Some of the world’s most delicious culinary inventions were born of necessity. Too much, too little, too fresh, too hard to transport? Taste nirvana. Bacon, smoked salmon, duck confit, wine, whiskey, cheese, hominy, sauerkraut . . . all of these were an inventive solution to the problem of how to make the harvest last longer. Grain was nearly impossible to get across the mountains to population centers, but whiskey wasn’t; milk spoils in a few days, but cheese ages for months and months; bacon and salt pork could see people through from hog butchering time in November until the crops came up in the spring.
Modern refrigeration and global food transport mean we don’t really need such techniques any longer, but it doesn’t mean we have lost our collective taste for them. Life on a farm, even a small one, means we sometimes have much more of a delicate food than we can handle at once. We love for the chickens to eat well, but we can’t stand the thought of throwing anything out, much less growing food just for the chickens, so Mondays are often “pickling” days. Stephanie, Theresa and Donna, picklers extraordinaire, and sometimes a few other folks, gather in the kitchen to put up endless jars of dilly beans, pepper jelly, bread and butters, pickled fennel, cucumber dills, blackberry compote, marmalade, sweet & spicy carrots . . . and all year long we eat well, thankful for the cool, sweet crunch of a carrot in the hottest days of summer, or the tongue-tingling heat of a pepper when we most need warming in winter and peppers are a distant memory. Perhaps the loveliest part of the process is that it’s not a solitary enterprise. All hands are busy and efficient, but not rushed, and conversations unfold in the warm, steamy vinegar and spice-perfumed air at a lazy, old-fashioned pace. There’s plenty of time for everyone to talk, about everything and nothing in particular–recipes, like this one, or children, partners, politics, good books–our pantries, hearts, and minds filled to overflowing with abundance from the summer garden. -adapted from Nigel Slater’s Tender vol. 1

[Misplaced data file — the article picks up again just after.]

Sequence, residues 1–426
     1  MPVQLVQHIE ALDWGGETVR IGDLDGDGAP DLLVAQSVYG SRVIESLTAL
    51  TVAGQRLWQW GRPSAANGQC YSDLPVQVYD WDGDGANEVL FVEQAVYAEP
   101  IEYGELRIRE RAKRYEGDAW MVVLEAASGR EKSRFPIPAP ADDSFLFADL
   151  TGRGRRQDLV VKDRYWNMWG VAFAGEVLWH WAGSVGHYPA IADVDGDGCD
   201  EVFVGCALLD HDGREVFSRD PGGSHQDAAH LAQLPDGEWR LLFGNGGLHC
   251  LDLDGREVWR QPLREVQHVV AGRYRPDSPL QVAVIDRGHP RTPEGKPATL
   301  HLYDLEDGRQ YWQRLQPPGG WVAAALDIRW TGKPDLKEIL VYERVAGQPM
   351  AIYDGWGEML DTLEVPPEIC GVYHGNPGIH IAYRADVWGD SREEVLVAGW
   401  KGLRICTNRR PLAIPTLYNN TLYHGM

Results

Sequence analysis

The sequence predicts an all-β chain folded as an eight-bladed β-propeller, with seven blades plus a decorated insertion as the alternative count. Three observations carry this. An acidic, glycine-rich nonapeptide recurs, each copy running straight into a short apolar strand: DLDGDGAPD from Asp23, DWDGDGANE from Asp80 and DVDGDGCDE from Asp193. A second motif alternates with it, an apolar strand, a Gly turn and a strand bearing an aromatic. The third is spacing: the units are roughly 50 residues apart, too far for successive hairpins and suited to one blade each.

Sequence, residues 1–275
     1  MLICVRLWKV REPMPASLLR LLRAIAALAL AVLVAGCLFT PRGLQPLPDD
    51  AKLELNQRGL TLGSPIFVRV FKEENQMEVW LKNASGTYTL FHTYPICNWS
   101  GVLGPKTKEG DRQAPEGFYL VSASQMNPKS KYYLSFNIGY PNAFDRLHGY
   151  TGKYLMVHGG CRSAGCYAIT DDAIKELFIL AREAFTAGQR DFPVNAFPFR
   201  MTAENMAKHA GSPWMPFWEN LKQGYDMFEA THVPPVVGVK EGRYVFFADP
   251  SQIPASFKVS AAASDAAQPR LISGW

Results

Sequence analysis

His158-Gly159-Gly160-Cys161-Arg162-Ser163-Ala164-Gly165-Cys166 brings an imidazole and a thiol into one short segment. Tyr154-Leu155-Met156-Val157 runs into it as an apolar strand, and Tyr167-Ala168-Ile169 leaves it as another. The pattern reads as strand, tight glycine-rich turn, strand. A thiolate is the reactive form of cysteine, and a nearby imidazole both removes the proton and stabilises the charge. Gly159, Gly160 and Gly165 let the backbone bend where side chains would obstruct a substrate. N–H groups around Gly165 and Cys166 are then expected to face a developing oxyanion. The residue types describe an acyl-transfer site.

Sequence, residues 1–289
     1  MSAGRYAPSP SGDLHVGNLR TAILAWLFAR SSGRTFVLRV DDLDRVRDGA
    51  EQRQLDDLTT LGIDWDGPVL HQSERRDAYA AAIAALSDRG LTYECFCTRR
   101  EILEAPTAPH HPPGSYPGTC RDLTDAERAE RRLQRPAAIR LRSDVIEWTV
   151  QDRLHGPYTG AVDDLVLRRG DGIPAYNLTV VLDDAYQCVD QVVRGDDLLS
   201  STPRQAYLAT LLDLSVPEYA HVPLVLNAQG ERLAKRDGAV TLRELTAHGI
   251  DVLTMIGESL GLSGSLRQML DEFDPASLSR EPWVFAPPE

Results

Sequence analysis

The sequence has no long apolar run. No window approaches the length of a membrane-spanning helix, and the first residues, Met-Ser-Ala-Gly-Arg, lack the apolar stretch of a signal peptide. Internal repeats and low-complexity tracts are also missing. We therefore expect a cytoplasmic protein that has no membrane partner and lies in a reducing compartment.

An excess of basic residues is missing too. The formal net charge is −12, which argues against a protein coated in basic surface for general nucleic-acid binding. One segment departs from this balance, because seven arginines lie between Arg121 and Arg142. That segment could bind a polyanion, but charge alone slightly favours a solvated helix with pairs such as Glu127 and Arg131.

- 2-3 zucchini or summer squash (a mix of varieties is fine), washed and cut into thick slices
- 2 cloves garlic, minced
- 1 bunch mint, chopped
- 1 bunch of dill, chopped
- 1 small handful parsley, chopped
- 1 sweet pepper or 1 spicy pepper, sliced thin
- 1 pound ground pork
- juice of 1 lemon
- olive oil
Place squash with minced garlic and red pepper flakes or sliced jalapeno in a large bowl, season with salt and pepper and drizzle with olive oil. Toss to coat squash with oil. Heat a large skillet over med-high heat and saute squash quickly until just tender. Remove from skillet and set aside. Add more olive oil to skillet, then add pork. Season with salt and pepper and let brown without stirring too much, so that meat gets caramelized. When cooked, return squash to skillet, add herbs and combine all gently. Season to taste with salt and pepper and drizzle with lemon juice. Serve with steamed brown rice.